#BrooklynGirlCode’s #TBT #TimeMachine: “Freaks Come Out At Night” Whodini (1984)

Whodini performing their hit smash
Whodini on stage performing their smash hit “Freaks Come Out At Night.”
“Now when freaks get dressed to go out at night
They like to wear leather jackets, chains and spikes
They wear rips and zippers all in their shirts
Real tight pants or fresh mini skirts
All kinds of colors runnin’ through their hair
And you could just about spot a freak anywhere
But then again, you could know someone all their life
But might not know they’re a freak unless you see them at night, ’cause

The Freaks Come Out At Night!”

The year is 1984. A gallon of gas is $1.10. The average monthly rent is $350.00. Colonel Joe Kittinger becomes the first person to complete a solo transatlantic flight in a helium balloon. Basketball legend Michael Jordan is getting ready to produce the Air Jordan 1 and the first ever personal computer designed by Apple Macintosh is officially set to go on sale! But, right in Brooklyn, New York a young Hip-Hop group by the name of Whodini is set to release their sophomore album Escape which will feature the mega-hits “Friends,” “Five Minutes of Funk” and “Freaks Come Out At Night!”

Cover Art for
Cover Art for “Freaks Come Out At Night”

Whodini who began to make a name for themselves in the music industry with their pumped-up stage shows and funkadelic wardrobe consisted of main lyricist Jalil Hutchins, co-vocalist John Fletcher (a.k.a. Ecstasy) and DJ Drew Carter (a.k.a. Grandmaster Dee). Although the duo released their self-titled debut album the previous year in 1983 which also featured the Halloween-themed song “Haunted House of Rock,” the group didn’t get the response they expected until the release of Escape one year later. Escape proved to be a fan-fave and would go on to sell one million copies in the U.S. alone! Whodini would also go on to set the trend for Hip-Hop artists being able to perform in large stadium venues after helping pioneer the Fresh Fest tour. The first Hip-Hop tour to play in a large colliseum nationwide.

Jermaine Dupri in
A young Jermaine Dupri shows off his best break dance moves in the video for Whodini’s classic hit “Freaks Come Out At Night.”

Later on Whodini’s music would go on to be sampled by Hip-Hop mega stars Will Smith, Dr. Dre, Ice Cube, Nas and even the late Tupac Shakur. Whodini proved that they were a force to be reckoned with not just in Hip-Hop but all genres of music! Check out the video for “Freaks Come Out At Night” below and let us know when you catch a young Jermaine Dupri showing off his best break Dance moves!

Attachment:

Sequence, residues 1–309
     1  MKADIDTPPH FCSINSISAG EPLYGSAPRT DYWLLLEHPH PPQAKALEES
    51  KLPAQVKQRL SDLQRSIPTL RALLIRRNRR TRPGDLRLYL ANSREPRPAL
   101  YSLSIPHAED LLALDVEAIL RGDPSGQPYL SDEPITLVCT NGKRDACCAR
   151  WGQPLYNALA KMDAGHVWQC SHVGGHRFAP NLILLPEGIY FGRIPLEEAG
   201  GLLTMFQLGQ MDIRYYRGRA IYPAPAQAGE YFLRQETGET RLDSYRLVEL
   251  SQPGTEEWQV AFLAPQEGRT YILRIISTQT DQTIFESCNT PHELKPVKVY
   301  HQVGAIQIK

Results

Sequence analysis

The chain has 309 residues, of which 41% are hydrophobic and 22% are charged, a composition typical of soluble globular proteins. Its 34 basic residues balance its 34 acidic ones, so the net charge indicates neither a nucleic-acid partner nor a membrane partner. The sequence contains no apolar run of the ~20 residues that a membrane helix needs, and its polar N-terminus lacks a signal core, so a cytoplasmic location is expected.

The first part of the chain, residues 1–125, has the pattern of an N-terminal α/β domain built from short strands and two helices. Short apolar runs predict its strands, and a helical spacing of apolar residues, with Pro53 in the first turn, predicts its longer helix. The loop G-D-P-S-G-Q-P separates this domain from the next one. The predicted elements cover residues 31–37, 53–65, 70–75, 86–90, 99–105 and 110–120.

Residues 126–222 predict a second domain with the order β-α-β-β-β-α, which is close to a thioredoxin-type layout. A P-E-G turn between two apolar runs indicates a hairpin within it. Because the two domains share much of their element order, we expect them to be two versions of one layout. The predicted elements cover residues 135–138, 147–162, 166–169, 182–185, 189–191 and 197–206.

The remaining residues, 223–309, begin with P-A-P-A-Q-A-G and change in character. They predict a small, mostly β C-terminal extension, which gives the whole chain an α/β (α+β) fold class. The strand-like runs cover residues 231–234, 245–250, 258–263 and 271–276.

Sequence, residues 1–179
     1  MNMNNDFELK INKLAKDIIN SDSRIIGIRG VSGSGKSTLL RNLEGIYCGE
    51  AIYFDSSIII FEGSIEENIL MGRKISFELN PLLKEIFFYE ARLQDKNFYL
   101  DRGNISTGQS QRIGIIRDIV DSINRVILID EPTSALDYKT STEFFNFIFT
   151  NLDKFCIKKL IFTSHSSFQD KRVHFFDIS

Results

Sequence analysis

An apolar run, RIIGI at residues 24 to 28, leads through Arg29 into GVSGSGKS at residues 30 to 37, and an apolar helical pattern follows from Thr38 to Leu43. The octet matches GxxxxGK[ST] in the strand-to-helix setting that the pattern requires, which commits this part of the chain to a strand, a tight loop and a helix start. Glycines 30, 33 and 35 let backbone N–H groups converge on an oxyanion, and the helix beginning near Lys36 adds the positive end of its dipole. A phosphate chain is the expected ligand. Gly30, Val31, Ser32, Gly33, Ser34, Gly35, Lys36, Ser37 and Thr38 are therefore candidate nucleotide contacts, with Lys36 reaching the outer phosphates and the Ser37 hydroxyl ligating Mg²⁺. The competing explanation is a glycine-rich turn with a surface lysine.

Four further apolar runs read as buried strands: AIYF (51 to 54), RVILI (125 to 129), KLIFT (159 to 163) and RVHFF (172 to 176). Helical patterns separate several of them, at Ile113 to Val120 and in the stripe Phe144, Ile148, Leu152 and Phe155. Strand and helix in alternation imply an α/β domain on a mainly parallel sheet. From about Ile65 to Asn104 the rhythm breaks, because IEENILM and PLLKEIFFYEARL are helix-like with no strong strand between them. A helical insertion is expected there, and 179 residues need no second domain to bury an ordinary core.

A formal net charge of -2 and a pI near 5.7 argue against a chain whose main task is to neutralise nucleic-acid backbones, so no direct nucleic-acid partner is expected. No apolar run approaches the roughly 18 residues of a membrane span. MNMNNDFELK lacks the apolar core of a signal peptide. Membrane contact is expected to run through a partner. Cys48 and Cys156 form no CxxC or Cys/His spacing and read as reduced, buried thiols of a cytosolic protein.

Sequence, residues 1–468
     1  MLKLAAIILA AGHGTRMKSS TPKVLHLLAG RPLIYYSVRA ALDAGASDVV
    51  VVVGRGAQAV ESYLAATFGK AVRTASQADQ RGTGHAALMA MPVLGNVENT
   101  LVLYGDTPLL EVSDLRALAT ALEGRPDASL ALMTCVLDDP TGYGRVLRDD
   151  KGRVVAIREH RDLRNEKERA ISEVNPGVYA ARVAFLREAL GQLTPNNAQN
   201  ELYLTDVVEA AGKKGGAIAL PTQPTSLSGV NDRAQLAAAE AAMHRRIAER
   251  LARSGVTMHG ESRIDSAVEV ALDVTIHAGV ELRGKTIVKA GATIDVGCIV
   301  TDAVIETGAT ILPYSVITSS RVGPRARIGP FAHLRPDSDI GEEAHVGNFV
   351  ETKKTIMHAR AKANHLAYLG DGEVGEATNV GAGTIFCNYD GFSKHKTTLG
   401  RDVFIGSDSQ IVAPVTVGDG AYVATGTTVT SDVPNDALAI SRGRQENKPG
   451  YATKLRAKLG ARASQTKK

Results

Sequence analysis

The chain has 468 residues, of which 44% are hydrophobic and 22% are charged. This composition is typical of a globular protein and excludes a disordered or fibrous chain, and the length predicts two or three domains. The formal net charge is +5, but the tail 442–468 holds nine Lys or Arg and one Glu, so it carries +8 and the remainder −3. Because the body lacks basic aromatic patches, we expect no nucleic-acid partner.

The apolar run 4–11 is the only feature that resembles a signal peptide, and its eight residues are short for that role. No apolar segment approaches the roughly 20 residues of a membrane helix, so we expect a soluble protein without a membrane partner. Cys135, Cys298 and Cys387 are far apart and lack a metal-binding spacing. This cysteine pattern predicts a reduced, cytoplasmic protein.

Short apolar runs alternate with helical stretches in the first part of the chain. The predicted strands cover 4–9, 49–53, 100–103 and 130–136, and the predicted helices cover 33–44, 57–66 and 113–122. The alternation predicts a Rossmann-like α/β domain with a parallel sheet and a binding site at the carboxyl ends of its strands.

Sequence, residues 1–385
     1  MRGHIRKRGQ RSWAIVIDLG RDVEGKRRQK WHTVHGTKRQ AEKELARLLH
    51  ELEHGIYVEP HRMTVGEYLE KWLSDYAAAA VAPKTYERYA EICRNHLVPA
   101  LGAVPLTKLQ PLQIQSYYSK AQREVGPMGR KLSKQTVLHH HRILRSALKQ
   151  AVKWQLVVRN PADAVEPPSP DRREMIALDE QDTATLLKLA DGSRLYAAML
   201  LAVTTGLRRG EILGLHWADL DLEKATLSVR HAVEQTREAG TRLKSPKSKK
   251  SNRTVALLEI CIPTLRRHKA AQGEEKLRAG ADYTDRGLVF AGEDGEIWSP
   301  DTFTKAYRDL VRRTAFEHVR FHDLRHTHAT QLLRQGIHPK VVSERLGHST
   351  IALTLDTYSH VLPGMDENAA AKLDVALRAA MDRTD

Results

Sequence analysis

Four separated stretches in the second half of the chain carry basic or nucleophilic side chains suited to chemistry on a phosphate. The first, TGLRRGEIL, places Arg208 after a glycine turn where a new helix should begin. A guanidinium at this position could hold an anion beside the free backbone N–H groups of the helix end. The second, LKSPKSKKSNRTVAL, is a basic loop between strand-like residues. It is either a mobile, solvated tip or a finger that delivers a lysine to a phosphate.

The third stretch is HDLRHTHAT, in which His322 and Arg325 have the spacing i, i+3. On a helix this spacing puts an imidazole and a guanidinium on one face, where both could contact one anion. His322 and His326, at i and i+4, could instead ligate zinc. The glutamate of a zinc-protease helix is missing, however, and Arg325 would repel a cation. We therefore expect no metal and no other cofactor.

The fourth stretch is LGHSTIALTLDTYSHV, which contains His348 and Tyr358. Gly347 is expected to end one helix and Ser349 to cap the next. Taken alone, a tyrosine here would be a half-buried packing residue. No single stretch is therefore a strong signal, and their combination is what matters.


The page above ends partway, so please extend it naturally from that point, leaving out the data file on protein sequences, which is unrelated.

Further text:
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#InMemoriam The Notorious B.I.G. Twenty Years Later

Mural in Brooklyn, New York depicting The Notorious B.I.G. as Che Guevara

Check it/ I grew up a fuckin’ screw-up/ Got introduced to the game/ Got an ounce/ and fuckin’ blew up – The Notorious B.I.G., “Runnin'”

What a difference twenty years can make. Or, in this case, what a difference twenty years can not make! It’s been two decades since The Notorious B.I.G. was tragically gunned down in Los Angeles on March 9th, 1997. However, the hip-hop template that B.I.G. set prior to his passing has yet to be altered. Christopher Wallace was 24-years-old when he passed. Looking back to that year, it seems like he was way older than he was because of his mature demeanor. B.I.G. was definitely one of the coolest and just a real lyricist at heart. He put words together like no other lyricist in hip-hop had done before him. Although we’ve seen a few eras of hip-hop come and go since 1997, there is still this obvious void that has yet to be filled. Why is this?

Shortly after B.I.G.’s passing, Jay-Z (Shawn Carter) rose to stardom and did an excellent job of continuing the legacy his predecessor began. But, as far as talent and skills on the mic, no one has yet to surpass the young Brooklyn boy with the crisp Coogi sweater and the fancy Versace shades.

It’s 2017 and Emo Rap is what sells records. Long gone are the days of “rags to riches,” “made it from the bottom” hip-hop fairytales. Still, we all get a thrill out of dreaming about B.I.G.’s imaginary replacement and hoping that they could possibly be waiting on the sideline somewhere for their chance at fame. Until then… B.I.G. reigns supreme! Rest in peace Comandante Biggie!

The Notorious B.I.G. in his element! Photo courtesy of Aziza Hassan’s instagram @rashidaaz via @trace_urban Instagram

 

#RIPTupacShakur

Photo Courtesy of @Celebritea_News Instagram
Photo Courtesy of @celebri_teanews Instagram

“We used to be like distant cousins/ fightin’/ playin’ dozens/ whole neighborhood buzzin’/ knowing that we wasn’t.” – Tupac Shakur, “I Ain’t Mad At Cha.”

It’s difficult to believe that today marks the twentieth anniversary of the death of Tupac Amaru Shakur who was known to the world as just “Tupac.” Although the prolific Hip-Hop artist and poet has been gone two decades now, his music and life continue to remain extremely relevant in the media. With an upcoming biopic being released later this year about his tumultuous life and more new music being released, Tupac continues to make history in his demise. Rest in Paradise to a true hip-hop legend and Rest in Paradise to a true hip-hop legend’s mama (Afeni Shakur 9/10/47-5/2/16) as well! “Tupac Rifa Siempre!” ❤

Photo Courtesy of Aziza Hassan’s Twitter: @datfencingchic

Tupac releasing new music Hip Hop My Way
A news spot that I wrote for Hip Hop My Way in 2015 that did high numbers on the Social Network.
Tupac Shakur Covers The Source Magazine March 1994
Tupac Shakur covers The Source magazine, March 1994
"Tupac Rifa Siempre" mural art
“Tupac Rifa Siempre”
Tupac with his mother, the late Afeni Shakur
Tupac with his mother, the late Afeni Shakur